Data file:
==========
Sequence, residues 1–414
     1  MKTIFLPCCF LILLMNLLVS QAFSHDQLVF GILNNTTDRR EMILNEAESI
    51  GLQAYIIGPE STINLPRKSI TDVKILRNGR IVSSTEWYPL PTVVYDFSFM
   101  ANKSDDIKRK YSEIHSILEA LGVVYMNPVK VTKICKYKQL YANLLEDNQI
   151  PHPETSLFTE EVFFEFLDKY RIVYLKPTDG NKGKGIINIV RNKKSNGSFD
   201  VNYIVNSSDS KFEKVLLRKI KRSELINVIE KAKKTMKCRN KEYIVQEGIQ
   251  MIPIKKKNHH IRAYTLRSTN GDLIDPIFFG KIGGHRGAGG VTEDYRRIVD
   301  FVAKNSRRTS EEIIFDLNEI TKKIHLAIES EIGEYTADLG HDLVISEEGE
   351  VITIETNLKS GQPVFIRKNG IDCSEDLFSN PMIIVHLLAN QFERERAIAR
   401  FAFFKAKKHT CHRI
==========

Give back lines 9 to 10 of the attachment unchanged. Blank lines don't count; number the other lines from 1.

   351  VITIETNLKS GQPVFIRKNG IDCSEDLFSN PMIIVHLLAN QFERERAIAR
   401  FAFFKAKKHT CHRI